growth flag

You know the drill by now, ConservativeHome readers: after every Budget and Autumn Statement we produce a set of graphs to summarise the contents of the Office for Budget Responsibility’s Economic and Fiscal Outlook. Except this time’s slightly different. This time, for the first time, I’m not including the forecasts made in George Osborne’s original Budget of June 2010. There are two reasons for this. The first is that those forecasts barely reached into this Parliament, so there’s no longer much of them to include. The second is that, by now, everyone knows how wrong those forecasts were, so there’s no real reason to keep exhuming them. Here’s to the future!


Ain’t no real difference between the OBR’s growth forecasts from July and those they published today. Some years (2014, 2019 and 2020) are 0.1 percentage points worse off, whilst others are (2016 and 2017) are 0.1 percentage points better off. Take it or leave it.

151125 Growth graph


Huzzah! Thanks to higher-than-expected tax receipts and lower-than-expected interest payments, the underlying fiscal position for this Parliament is £27 billion better than was forecast in July! But don’t get too excited just yet. George Osborne has decided to spend a large part of this windfall, meaning that the borrowing forecasts for the period are only £8 billion lower than they were in July (once the reclassification of Housing Associations from the private to the public sector has been taken into account, as shown by the darker red columns below). Still, the Chancellor remains on course to meet his target of achieving a surplus in 2019-20.

151125 Borrowing graph


Osborne is also expected to achieve one of his targets from the last Parliament: to bring the cyclically adjusted current budget – aka, the structural deficit – into balance in the third year of the current forecast period. The third year of the current forecast period is 2017-18, and – yep – there’s that surplus. It’s even greater than was forecast in July. Although, strangely, the deficits for before 2017-18 are also greater than forecast in July. In this respect, the Chancellor has both loosened and tightened his fiscal plan.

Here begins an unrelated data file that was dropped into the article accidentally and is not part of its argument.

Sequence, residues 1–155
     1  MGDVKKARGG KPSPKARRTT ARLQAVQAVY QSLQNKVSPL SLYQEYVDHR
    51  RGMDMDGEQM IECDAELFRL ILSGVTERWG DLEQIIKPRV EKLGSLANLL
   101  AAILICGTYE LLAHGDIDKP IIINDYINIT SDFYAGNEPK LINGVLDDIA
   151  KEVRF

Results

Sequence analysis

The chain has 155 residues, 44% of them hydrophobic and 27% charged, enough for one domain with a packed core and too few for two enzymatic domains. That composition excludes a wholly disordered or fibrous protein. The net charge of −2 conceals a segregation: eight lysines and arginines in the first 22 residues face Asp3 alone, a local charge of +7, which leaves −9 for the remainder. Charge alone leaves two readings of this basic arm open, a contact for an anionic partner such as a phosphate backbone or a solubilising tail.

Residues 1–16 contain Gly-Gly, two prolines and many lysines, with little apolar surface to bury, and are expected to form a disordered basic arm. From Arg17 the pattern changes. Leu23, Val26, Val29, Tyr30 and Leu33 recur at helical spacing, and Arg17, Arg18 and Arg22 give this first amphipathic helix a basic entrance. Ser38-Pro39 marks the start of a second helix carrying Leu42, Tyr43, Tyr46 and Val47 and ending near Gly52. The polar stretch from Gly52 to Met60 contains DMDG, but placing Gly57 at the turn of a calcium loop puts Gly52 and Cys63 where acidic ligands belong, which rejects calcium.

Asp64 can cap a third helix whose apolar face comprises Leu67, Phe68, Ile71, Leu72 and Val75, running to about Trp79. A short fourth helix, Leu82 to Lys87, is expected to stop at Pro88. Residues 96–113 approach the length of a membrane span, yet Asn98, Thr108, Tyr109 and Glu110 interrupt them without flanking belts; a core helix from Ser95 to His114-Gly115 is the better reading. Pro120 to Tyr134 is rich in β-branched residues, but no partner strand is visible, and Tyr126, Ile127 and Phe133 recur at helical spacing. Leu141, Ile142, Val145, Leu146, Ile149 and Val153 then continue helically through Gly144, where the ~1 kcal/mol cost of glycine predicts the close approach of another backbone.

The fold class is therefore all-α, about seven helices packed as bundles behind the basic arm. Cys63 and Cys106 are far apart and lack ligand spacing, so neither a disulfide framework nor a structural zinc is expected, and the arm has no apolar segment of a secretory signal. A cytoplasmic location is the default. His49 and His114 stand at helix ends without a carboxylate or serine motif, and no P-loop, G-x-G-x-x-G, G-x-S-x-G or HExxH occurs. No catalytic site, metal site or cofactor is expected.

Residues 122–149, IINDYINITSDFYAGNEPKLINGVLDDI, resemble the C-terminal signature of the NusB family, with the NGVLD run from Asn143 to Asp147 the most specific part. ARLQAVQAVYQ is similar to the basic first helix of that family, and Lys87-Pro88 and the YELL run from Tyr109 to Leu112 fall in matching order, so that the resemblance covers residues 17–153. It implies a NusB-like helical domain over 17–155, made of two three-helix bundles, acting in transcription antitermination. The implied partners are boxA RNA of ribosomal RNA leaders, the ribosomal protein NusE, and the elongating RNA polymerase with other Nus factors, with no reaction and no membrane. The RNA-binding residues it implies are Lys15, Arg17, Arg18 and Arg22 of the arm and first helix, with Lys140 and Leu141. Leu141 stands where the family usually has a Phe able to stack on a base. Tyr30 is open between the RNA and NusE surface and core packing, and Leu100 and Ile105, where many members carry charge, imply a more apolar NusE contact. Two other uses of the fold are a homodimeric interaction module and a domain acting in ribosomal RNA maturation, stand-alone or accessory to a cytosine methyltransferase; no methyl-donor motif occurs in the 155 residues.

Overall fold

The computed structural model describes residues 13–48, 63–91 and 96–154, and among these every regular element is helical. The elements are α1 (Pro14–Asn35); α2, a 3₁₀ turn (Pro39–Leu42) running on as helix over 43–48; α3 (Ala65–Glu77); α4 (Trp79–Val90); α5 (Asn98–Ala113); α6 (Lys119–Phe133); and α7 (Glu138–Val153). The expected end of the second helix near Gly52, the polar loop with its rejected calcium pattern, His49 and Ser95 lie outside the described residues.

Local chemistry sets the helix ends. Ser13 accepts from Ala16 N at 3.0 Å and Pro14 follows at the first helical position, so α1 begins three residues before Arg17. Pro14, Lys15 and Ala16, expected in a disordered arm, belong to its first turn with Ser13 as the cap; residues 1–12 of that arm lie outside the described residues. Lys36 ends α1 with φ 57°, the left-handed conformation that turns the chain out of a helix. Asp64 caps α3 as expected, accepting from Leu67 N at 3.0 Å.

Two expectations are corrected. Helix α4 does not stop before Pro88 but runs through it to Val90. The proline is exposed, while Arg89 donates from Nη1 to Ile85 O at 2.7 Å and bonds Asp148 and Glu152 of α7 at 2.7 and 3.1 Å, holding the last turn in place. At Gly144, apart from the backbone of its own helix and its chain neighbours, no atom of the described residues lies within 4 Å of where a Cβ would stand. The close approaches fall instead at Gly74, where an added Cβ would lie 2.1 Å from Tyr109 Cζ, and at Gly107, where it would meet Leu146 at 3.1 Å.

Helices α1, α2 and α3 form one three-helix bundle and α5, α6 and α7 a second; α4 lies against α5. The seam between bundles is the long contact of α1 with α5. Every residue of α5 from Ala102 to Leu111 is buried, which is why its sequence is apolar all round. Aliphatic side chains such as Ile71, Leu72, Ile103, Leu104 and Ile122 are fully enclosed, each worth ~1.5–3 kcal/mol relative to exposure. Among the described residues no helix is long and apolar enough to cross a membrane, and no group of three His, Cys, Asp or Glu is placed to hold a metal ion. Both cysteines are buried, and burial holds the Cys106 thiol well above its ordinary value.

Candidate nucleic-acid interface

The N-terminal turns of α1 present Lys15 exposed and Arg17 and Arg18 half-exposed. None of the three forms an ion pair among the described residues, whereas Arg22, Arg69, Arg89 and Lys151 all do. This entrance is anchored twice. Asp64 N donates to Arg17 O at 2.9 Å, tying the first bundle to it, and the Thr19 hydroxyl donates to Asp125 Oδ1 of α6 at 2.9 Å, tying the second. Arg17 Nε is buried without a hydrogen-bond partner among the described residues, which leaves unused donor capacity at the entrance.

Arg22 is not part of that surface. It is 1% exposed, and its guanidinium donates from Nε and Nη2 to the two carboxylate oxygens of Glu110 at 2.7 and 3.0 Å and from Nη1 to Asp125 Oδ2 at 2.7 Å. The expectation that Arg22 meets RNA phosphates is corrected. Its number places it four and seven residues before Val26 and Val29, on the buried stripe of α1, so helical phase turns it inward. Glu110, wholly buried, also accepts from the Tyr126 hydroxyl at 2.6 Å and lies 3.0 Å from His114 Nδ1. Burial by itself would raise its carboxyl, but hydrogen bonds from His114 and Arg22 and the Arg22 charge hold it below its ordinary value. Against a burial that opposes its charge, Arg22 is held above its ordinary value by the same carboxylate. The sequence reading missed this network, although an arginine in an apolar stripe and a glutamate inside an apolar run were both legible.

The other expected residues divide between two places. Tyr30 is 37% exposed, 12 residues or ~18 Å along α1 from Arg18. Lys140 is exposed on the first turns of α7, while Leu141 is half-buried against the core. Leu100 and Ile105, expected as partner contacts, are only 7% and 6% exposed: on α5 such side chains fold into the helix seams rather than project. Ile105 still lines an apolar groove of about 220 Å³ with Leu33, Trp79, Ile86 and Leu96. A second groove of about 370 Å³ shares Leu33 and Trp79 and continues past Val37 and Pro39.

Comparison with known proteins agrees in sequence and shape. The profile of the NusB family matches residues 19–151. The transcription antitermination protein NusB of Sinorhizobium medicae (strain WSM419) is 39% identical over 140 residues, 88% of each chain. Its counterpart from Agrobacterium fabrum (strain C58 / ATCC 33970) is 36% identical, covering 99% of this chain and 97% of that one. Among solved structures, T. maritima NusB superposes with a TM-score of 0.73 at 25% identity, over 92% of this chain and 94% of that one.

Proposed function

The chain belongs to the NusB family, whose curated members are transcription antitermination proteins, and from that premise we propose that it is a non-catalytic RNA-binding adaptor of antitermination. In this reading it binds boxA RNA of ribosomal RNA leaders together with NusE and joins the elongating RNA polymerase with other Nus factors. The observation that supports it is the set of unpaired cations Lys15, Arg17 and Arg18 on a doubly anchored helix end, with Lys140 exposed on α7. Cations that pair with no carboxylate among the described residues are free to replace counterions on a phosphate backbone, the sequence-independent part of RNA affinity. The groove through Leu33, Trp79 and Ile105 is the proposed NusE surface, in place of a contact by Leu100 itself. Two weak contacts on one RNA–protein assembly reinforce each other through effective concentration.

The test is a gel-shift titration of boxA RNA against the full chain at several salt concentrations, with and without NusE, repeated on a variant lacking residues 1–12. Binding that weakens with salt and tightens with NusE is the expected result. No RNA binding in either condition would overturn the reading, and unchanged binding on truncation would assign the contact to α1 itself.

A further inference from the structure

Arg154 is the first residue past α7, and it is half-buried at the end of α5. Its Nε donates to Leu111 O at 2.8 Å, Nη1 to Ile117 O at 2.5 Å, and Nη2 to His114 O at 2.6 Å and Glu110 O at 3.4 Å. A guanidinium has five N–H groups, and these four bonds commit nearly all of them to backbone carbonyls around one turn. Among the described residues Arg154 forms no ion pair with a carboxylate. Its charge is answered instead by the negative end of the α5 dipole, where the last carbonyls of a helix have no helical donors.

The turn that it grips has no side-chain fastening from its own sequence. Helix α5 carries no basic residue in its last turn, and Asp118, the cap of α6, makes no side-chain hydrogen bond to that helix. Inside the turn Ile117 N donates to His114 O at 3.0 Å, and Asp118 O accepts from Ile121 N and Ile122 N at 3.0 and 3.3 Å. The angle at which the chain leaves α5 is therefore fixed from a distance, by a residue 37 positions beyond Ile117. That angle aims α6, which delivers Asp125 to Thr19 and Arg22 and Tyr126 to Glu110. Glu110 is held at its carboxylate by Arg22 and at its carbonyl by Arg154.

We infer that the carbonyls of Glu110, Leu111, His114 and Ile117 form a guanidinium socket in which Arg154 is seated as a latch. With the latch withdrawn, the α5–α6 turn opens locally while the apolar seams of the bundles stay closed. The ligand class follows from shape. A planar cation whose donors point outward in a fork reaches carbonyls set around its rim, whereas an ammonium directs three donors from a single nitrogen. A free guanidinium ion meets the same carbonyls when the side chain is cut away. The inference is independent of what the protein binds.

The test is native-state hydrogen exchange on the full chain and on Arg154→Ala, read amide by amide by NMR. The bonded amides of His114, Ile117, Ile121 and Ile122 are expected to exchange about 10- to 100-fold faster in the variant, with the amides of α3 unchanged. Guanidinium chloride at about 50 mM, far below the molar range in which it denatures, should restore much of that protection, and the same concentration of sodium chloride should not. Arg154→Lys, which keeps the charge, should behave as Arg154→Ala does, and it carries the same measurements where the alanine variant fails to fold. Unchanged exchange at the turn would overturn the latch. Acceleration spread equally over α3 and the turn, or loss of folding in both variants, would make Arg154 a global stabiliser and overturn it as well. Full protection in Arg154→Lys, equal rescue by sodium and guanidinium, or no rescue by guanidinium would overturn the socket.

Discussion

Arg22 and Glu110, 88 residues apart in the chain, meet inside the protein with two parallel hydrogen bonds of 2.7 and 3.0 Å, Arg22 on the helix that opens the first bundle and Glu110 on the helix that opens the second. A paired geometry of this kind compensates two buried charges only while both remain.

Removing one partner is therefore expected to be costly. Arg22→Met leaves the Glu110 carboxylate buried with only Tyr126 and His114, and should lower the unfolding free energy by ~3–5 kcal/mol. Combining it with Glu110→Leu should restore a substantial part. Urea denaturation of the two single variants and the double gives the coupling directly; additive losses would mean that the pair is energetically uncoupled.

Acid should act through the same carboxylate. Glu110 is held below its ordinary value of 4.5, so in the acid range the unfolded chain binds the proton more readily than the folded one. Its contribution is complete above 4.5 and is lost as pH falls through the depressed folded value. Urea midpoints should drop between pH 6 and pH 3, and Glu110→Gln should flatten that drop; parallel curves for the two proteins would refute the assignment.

151125 Deficit graph


And yet another fiscal target that Osborne is set to meet: to have the debt declining as a proportion of the economy in each year until 2019-20. The latest forecasts are even more comfortable than those from July, although, as with all of these forecasts, things can go awry. The Chancellor was, after all, comfortably set on his debt target in the last Parliament – until, as I warned in the Times (£) in 2011, he wasn’t.

151125 Debt graph


Expressing the national debt as a percentage of GDP also expresses, in some way, our capability for paying it off. But it can also cover up a horrible truth. When the debt is expressed as a simple cash sum, it keeps on rising: by more than was forecast in July, to £1,715 billion in 2020-21.

151125 Debt graph 2


Jobs, jobs and jobs – although, as commenter CdBrux suggests below, the OBR’s expectation that unemployment levels will plateau from 2017 onwards is striking. Will they really be that intransigent?

151125 Employment graph

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